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Month: May 2020

The Search for Goblin Gulch

Canyons of the Black Ridge: “Trailing the Ghosts and Gnomes of Goblin Gulch”
Tuesday, May 5, 2020

When Will Minor started to hunt for a small band of strayed Angora goats he little dreamed he soon would have cause to forget them. As he entered a tiny canyon he suddenly came face to face with the weirdest collection of natural forms he ever had seen. The soft white sandstone of the canyon walls was covered with faces and figures—some animal, some human, some resembling modernistic sculpture and others like nightmarish creatures which only a writer of horror fiction could conceive.

– Desert Magazine, May 1944

Last week while I was going down the rabbit hole of searching online for more information about Will Minor and the High Trail, I came across an old magazine article that was written by him called Trailing the Ghosts and Gnomes of Goblin Gulch. This article was featured in the May, 1944 issue of Desert Magazine and was about a place he found many stone faces weathered from soft white sandstone just below Black Ridge that he called Goblin Gulch. I had never heard or seen anything about this location before, but the article and photos really piqued my interest and I knew I would have to try to find this forgotten place hidden within the Black Ridge Canyons Wilderness!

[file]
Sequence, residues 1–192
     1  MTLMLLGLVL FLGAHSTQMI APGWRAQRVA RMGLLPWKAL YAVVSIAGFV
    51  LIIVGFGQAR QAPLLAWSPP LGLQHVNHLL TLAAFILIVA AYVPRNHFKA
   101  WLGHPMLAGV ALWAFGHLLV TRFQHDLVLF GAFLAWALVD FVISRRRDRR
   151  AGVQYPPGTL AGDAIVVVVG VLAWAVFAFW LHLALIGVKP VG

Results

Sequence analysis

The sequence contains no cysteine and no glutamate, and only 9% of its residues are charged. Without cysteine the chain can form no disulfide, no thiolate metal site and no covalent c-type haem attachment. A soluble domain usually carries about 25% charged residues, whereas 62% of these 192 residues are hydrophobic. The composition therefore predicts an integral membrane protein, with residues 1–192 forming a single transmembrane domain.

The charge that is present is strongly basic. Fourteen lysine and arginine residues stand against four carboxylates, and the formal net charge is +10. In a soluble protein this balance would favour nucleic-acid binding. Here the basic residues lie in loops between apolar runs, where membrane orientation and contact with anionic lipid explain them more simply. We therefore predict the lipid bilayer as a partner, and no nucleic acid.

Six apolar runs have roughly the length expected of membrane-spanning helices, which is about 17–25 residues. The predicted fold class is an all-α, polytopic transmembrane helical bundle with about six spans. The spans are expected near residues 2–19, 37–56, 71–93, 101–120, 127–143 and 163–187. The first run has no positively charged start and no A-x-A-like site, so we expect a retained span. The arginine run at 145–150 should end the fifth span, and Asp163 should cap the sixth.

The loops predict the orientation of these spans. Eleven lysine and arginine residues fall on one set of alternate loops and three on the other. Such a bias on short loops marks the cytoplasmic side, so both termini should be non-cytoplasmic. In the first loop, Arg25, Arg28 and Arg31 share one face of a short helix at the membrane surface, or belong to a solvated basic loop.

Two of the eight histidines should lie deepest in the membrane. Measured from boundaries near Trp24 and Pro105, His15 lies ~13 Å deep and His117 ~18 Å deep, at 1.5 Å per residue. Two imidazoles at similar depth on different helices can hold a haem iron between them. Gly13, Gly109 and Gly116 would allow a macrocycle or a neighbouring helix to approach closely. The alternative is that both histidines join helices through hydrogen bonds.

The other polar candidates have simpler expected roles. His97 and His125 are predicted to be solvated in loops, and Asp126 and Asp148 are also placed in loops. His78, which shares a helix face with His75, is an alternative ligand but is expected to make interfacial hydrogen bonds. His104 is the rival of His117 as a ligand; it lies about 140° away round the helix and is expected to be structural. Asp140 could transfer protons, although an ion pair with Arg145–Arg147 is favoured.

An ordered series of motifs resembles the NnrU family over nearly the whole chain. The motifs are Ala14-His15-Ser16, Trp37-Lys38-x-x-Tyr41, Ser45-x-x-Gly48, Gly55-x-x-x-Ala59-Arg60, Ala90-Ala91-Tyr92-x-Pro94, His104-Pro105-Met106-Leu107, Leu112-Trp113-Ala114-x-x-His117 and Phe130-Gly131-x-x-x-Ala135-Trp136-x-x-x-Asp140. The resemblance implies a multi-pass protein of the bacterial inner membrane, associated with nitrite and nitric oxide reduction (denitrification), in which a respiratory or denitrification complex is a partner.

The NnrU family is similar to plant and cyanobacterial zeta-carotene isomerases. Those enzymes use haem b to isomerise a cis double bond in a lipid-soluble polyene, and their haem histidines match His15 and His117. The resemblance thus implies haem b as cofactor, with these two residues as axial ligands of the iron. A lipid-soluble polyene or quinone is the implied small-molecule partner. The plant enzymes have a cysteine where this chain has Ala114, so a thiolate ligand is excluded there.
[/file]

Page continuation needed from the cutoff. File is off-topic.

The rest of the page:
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Hondu Country: Upper Muddy Creek Gorge

Tomsich Butte to Poor Canyon, Road Hollow to Fix-It Pass & Slipper Arch
Friday & Saturday, May 1-2, 2020

I was originally supposed to be in the San Rafael Swell this weekend for an event that was cancelled due to the current COVID-19 pandemic, but since most of Utah, including Emery County, was open to camping again I decided to still head into the Swell so I could spend Saturday hiking and exploring more of the Muddy Creek Wilderness. I’ve gone on a couple of great trips along the Muddy Creek over the past few years and have been looking forward to getting back there again. This time I planned to hike into the Upper Gorge of Muddy Creek from Tomsich Butte and then continue into Poor Canyon as far as I could go. I was hoping that Poor Canyon would share some of the same amazing features that the forks of Chimney Canyon do, and I wasn’t disappointed!

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